U.S. troops may spend up to 18 months on Ebola-related deployments in West Africa — mostly to provide comfort to sufferers and serve as a stabilizing force for the governments, said Gen. Martin Dempsey, chairman of the Joint Chiefs of Staff.
Gen. Dempsey said the military troops aren’t providing direct care, Newsmax reported.
“[They’re only] stabilizing the environment and giving confidence to the health care workers that if they do come down with the disease, they’ll be cared for,” he said in the Newsmax report.
“We think we’re making some progress in Liberia,” Gen. Dempsey said, Newsmax reported. “Sierra Leone is not trending favorably, and nor is Guinea.”
So far, 1,934 from the Defense Department have been sent to the region, with 1,759 in Liberia and 175 in Senegal. But the Stars and Stripes reported that military mission could include up to 4,000 soldiers.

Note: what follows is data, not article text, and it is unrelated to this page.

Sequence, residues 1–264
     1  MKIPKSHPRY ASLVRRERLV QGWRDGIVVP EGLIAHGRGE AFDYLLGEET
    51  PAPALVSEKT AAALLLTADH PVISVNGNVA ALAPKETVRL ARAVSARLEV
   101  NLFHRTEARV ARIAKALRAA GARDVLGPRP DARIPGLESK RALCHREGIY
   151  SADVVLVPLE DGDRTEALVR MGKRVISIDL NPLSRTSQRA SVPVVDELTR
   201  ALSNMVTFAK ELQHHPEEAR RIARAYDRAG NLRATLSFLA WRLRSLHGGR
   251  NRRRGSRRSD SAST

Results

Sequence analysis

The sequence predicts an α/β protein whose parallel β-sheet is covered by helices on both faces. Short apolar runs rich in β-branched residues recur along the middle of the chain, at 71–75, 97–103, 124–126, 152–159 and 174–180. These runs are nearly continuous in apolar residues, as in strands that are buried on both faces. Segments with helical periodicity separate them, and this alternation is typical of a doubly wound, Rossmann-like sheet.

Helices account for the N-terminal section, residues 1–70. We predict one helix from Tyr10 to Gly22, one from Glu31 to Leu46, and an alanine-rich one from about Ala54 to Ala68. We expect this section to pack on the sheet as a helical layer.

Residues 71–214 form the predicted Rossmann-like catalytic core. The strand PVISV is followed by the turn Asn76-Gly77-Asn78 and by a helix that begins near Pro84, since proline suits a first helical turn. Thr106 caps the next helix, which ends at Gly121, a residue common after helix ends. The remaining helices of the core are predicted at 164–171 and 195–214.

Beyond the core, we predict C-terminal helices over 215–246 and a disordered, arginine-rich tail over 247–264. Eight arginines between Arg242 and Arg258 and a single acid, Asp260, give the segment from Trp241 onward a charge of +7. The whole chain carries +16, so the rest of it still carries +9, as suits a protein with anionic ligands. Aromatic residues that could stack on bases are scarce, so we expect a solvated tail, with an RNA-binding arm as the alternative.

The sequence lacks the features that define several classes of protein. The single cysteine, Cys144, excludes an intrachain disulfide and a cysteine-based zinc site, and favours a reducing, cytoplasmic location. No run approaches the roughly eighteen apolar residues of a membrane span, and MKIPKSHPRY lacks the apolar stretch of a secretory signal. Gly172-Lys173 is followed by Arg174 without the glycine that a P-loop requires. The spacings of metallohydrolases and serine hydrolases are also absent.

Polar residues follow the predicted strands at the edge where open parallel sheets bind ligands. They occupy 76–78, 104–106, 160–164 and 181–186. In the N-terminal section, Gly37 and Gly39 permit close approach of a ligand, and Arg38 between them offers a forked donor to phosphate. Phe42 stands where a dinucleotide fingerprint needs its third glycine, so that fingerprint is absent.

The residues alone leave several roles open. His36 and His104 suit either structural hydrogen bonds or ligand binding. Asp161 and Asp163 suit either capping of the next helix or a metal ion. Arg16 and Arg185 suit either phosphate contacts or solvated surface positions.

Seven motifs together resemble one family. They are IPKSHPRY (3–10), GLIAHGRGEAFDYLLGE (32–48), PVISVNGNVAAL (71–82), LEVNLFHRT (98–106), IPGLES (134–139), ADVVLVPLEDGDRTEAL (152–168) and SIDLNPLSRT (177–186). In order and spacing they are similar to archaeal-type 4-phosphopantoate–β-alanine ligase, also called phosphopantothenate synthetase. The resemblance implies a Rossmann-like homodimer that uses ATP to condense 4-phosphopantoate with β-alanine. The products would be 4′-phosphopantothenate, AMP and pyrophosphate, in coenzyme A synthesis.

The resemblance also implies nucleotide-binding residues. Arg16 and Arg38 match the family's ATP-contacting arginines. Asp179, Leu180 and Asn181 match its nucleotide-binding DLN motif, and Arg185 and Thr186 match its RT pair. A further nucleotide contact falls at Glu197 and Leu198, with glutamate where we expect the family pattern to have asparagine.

Gen. Dempsey told a Carnegie Council for Ethics in International Affairs crowd on Thursday that their mission probably wouldn’t reach the four-year deployment level — but that it could prove substantial, just the same.
“Is it a four-year mission? Probably not,” he said, Stars and Stripes reported. “But I bet it’s every bit of 18 months, which would be three rotations of six-month deployments.”
He also added that the troops weren’t there as part of a humanitarian effort, but rather as a “stability operation.” But as Stars and Stripes pointed out, that phrase is very often used by Washington, D.C., policy wonks as a way of laying the groundwork for long military campaigns — just as it was used to justify Iraq and Afghanistan.
Defense Secretary Chuck Hagel cited the phrase in February: “The fight against Ebola is a stability operation. … We’re trying to bring stability to a region of West Africa that is inherently unstable and to contain that disease there and … try to stabilize [the region]. You can call it what you want, but it’s a stability operation … [even though] we said that we’re not going to do stability operations,” Newsmax reported.